breaking away to the u.s.” by José B. González
finally …

Gila” by Rigoberto González
It’s no curse …

Father’s Memory of a Mexican Mining Camp” by Cindy Williams Gutiérrez
Softly, it always began softly …

María de la Luz Knows How to Walk” by Juan Felipe Herrera
she ambles toward El Norte she remembers as she steps …

Notes on the Below” by Ada Limón
Humongous cavern, tell me, wet limestone …

Do Not Speak of the Dead” by Cecilia Llompart
I was born among the bodies. I was hurried …

"The Sky Over My Mother's House" by Jaime Manrique
It is a July night ...

A Kiss” by David Tomas Martinez
And sometimes it is …

Xicano” by J. Michael Martinez
as light …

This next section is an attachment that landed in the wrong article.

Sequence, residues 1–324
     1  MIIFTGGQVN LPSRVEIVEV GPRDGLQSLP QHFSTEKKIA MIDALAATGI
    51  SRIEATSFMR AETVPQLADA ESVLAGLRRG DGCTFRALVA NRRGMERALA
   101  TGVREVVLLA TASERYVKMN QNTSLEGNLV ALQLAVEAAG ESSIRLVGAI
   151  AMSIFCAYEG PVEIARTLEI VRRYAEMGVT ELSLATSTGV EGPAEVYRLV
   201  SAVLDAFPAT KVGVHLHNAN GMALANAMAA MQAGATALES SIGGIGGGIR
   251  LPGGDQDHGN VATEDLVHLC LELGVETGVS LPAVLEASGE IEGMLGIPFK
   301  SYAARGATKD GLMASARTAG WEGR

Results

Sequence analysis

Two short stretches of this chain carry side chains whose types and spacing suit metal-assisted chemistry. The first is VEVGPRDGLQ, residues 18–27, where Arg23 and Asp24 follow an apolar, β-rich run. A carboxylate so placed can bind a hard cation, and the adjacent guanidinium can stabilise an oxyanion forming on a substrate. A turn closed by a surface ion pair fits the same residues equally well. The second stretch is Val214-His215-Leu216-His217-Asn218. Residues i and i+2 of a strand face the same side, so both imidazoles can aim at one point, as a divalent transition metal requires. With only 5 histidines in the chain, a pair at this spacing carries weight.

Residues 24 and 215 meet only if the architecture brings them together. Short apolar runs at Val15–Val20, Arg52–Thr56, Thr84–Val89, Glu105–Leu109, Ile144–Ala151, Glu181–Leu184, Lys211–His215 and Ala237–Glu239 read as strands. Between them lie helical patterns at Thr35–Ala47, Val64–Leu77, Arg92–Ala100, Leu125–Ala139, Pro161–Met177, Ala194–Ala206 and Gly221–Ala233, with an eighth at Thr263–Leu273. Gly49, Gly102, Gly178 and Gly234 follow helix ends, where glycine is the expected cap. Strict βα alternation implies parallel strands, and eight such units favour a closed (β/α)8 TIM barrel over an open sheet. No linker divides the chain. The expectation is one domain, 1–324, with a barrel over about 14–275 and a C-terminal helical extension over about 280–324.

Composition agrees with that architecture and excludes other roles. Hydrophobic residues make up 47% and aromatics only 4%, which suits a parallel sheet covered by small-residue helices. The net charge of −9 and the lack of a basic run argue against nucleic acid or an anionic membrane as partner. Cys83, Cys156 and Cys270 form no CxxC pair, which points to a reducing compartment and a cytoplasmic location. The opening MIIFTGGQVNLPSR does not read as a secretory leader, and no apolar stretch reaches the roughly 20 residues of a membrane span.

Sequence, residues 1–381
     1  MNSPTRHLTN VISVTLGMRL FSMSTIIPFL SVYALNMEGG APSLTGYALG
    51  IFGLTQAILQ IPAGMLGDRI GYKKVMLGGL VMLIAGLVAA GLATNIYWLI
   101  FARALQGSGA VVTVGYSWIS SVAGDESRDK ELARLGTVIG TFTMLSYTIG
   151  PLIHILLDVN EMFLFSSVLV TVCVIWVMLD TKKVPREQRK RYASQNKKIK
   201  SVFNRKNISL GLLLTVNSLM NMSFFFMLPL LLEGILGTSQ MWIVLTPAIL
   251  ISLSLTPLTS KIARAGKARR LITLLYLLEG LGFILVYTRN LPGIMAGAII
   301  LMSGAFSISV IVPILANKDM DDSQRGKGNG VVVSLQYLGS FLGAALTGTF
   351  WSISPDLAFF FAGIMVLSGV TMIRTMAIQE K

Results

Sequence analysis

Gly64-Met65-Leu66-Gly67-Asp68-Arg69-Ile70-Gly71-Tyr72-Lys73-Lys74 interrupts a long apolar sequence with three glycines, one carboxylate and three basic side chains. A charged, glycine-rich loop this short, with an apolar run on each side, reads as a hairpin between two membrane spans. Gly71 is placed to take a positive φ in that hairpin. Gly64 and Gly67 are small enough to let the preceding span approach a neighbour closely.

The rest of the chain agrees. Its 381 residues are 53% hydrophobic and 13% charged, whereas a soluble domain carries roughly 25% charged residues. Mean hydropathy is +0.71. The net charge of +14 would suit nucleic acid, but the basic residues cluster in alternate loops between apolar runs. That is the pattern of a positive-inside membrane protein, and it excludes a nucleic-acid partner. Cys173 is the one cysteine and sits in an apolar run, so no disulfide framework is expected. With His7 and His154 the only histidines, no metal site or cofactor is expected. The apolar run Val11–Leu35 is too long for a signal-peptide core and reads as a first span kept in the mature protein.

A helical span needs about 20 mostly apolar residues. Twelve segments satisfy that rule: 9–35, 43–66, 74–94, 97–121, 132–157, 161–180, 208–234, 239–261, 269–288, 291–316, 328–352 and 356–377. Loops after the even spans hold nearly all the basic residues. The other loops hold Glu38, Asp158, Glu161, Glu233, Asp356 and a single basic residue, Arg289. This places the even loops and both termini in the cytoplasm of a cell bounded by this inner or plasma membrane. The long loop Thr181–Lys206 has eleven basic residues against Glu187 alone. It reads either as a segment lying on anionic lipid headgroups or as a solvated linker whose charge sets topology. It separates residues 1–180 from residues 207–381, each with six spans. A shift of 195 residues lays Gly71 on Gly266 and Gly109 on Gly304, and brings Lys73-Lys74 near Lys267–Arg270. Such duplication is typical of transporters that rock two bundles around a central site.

The Andalusian Dog Finds Answers” by Pablo Medina
God likes to be played like a piano …

Maps” by Yesenia Montilla
Some maps have blue borders …

declaration” by Andrés Montoya
i have found …

Before the Airport, Sushi” by Tomás Q. Morin
The old man sitting out front …

Change of Address” by Deborah Paredez
Rate your pain the physical …

[No strawberry moon]” by Emmy Pérez
No strawberry moon for me, tonight …

Day of the Refugios” by Alberto Rios
I was born in Nogales, Arizona …

There Is a Bird in My Mouth” by Natalie Scenters-Zapico
I found it on your belly, and caught it …

Saudade” by Erika L. Sánchez
In the republic of flowers I studied …

from “Post-Identity” by Carmen Giménez Smith
I was light from the mouth from every part of me …

What Now?” by Gary Soto
Where did the shooting stars go?

The Dirt Eaters” by Virgil Suárez
Whenever we grew tired and bored of curb ball …